OBJECTIVE: The main objective of the present review is to highlight the structural signature, classification, its mechanism and application from basic science to medicine and future challenges for this genome editing tool kit.
RESULTS: The present review provides a brief description of the recent development of CRISPR-Cas9 genome editing technology. We discuss the paradigms shift for this next generation genome editing technology, CRISPR. The CRISPR structural significance, classification and its different applications are also being discussed. We portray the future challenges for this extraordinary genome in vivo editing tool. We also highlight the role of CRISPR genome editing in curing many diseases.
CONCLUSION: Scientists and researchers are constantly looking one genome editing tool that is competent, simple and low-cost assembly of nucleases. It can target any particular site without any off-target mutations in the genome. The CRISPR-Cas9 has all of the above characteristics. The genome engineering technology may be a strong and inspiring technology meant for the next generation of drug development.
OBJECTIVE: The application of molecularly engineered biodegradable and biocompatible polymeric particles with tunable features such as surface area and chemistry, particulate size distribution and toxicity creates opportunities to develop smart aptamer-mediated delivery systems for controlled drug release.
RESULTS: This article discusses opportunities for particulate aptamer-drug formulations to advance current drug delivery modalities by navigating active ingredients through cellular and biomolecular traffic to target sites for sustained and controlled release at effective therapeutic dosages while minimizing systemic cytotoxic effects.
CONCLUSION: A proposal for a novel drug-polymer-aptamer-polymer (DPAP) design of aptamer-drug formulation with stage-wise delivery mechanism is presented to illustrate the potential efficacy of aptamer- polymer cargos for enhanced cell targeting and drug delivery.
OBJECTIVE: The main objective of the present review was to highlight the cellular, molecular biology and inflammatory process related to the atheromatous plaques.
METHODS: A thorough literature search of Pubmed, Google and Scopus databases was done.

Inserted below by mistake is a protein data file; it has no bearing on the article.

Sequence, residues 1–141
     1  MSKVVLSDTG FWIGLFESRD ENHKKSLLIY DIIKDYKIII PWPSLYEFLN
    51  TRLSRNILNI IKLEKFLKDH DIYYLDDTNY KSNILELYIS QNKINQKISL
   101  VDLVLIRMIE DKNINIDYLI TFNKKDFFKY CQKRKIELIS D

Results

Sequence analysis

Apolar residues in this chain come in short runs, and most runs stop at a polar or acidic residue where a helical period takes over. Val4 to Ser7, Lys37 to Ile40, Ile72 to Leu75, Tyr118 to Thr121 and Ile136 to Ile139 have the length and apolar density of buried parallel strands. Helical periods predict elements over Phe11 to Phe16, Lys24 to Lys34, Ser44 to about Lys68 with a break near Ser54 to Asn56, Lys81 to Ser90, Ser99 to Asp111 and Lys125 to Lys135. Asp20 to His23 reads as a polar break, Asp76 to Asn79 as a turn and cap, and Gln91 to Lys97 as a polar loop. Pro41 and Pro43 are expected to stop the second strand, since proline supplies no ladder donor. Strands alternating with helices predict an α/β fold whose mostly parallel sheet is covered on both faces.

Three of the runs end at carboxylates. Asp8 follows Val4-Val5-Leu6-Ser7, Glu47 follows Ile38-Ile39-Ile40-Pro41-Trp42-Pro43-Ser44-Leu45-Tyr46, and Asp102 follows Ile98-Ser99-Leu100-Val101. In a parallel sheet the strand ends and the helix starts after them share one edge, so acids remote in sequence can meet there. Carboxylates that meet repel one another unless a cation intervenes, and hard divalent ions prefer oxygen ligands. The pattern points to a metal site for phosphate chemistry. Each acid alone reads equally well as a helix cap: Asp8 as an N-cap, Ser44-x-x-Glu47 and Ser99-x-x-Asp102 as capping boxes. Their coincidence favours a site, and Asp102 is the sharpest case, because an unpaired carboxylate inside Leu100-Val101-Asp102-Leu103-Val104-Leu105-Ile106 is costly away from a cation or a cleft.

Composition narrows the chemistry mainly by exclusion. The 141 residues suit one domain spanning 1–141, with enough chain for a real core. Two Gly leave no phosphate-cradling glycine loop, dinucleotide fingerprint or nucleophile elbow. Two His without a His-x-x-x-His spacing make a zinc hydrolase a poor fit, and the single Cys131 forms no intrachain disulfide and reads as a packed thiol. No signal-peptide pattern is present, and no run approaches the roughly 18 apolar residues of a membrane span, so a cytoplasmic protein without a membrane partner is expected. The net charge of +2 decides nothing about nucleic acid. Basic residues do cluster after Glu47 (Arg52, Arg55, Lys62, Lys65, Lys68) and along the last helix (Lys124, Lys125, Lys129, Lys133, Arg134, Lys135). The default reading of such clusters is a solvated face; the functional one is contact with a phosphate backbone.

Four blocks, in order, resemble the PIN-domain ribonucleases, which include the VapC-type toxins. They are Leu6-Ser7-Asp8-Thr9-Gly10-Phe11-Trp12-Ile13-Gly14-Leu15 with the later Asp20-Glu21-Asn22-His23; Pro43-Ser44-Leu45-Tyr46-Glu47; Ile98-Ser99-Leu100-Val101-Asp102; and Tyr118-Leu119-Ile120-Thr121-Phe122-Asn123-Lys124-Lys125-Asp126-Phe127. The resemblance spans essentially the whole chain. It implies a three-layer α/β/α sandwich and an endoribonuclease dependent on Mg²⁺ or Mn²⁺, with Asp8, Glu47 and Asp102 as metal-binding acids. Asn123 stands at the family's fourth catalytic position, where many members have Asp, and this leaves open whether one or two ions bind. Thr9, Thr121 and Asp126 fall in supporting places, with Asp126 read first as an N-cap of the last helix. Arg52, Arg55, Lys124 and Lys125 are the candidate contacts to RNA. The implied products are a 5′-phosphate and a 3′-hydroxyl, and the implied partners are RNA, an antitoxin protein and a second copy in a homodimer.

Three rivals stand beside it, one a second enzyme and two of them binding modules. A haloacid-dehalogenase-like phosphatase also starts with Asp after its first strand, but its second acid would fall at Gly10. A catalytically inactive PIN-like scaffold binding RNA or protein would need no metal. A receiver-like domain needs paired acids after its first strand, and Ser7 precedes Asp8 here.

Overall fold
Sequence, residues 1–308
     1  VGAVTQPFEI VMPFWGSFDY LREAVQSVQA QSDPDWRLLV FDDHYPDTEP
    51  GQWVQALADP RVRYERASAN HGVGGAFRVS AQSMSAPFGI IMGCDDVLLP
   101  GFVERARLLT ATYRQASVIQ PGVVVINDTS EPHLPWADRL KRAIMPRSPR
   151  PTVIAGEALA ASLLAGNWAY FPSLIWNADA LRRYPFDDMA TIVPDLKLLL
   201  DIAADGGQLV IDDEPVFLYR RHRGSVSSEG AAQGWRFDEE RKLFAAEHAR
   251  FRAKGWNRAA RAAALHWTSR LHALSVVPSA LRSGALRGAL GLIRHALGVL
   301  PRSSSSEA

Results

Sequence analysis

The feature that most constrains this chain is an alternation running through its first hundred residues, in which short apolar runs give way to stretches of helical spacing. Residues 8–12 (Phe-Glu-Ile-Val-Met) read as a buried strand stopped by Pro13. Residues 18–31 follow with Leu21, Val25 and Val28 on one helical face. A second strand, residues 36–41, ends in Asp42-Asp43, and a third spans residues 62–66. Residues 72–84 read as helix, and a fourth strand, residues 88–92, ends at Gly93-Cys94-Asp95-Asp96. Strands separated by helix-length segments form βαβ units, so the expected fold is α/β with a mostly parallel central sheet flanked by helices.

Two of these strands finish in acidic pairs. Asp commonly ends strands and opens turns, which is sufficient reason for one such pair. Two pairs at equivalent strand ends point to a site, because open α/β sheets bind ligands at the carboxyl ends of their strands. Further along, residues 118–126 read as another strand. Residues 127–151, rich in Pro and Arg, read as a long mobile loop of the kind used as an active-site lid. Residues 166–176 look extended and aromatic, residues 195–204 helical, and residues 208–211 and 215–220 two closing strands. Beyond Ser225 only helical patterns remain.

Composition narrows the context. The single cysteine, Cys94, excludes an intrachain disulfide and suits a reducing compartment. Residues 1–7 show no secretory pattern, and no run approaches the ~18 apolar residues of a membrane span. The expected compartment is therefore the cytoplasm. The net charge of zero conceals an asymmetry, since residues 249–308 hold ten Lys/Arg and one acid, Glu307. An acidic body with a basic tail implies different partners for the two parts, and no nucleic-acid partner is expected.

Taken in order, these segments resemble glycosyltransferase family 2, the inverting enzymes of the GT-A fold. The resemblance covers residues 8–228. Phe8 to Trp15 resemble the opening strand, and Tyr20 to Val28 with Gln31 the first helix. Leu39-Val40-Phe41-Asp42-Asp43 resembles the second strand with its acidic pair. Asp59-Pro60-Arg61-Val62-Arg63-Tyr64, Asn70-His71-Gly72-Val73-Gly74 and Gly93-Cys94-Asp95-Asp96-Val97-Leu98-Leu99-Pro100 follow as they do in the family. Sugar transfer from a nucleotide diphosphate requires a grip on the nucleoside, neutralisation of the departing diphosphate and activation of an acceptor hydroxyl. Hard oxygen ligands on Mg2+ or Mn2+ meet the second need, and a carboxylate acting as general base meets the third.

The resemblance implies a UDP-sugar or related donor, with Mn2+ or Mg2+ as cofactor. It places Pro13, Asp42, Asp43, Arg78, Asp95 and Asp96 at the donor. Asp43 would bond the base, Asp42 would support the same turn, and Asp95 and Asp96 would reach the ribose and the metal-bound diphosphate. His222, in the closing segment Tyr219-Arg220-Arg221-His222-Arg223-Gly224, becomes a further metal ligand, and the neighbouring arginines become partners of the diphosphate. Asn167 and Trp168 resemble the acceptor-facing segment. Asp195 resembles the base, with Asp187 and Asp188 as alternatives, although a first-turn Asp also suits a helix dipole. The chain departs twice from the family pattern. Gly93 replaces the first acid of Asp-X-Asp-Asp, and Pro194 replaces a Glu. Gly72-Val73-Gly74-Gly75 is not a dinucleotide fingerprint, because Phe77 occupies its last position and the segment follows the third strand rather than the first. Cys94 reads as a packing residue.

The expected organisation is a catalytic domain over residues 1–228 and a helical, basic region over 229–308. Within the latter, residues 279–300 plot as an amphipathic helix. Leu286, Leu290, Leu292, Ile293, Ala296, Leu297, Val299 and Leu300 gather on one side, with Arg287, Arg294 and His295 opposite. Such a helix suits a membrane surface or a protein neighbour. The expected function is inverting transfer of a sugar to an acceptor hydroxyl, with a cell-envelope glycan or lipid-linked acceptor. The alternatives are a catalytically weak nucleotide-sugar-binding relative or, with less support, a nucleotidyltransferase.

RESULTS: Atherosclerosis is considered to be a leading cause of death throughout the world. Atherosclerosis involves oxidative damage to the cells with production of reactive oxygen species (ROS). Development of atheromatous plaques in the arterial wall is a common feature. Specific inflammatory markers pertaining to the arterial wall in atherosclerosis may be useful for both diagnosis and treatment. These include Nitric oxide (NO), cytokines, macrophage inhibiting factor (MIF), leucocytes and Pselectin. Modern therapeutic paradigms involving endothelial progenitor cells therapy, angiotensin II type-2 (AT<sub>2</sub>R) and ATP-activated purinergic receptor therapy are notable to mention.
CONCLUSION: Future drugs may be designed aiming three signalling mechanisms of AT<sub>2</sub>R which are (a) activation of protein phosphatases resulting in protein dephosphorylation (b) activation of bradykinin/nitric oxide/cyclic guanosine 3',5'-monophosphate pathway by vasodilation and (c) stimulation of phospholipase A(2) and release of arachidonic acid. Drugs may also be designed to act on ATP-activated purinergic receptor channel type P2X7 molecules which acts on cardiovascular system.
OBJECTIVE: This review aims to assess the current evidence of the bone-sparing effects of vitamin C derived from cell, animal and human studies.
RESULTS: Cell studies showed that vitamin C was able to induce osteoblast and osteoclast formation. However, high-dose vitamin C might increase oxidative stress and subsequently lead to cell death. Vitamin C-deficient animals showed impaired bone health due to increased osteoclast formation and decreased bone formation. Vitamin C supplementation was able to prevent bone loss in several animal models of bone loss. Human studies generally showed a positive relationship between vitamin C and bone health, indicated by bone mineral density, fracture probability and bone turnover markers. Some studies suggested that the relationship between vitamin C and bone health could be U-shaped, more prominent in certain subgroups and different between dietary and supplemental form. However, most of the studies were observational, thus could not confirm causality. One clinical trial was performed, but it was not a randomized controlled trial, thus confounding factors could not be excluded.
CONCLUSION: vitamin C may exert beneficial effects on bone, but more rigorous studies and clinical trials should be performed to validate this claim.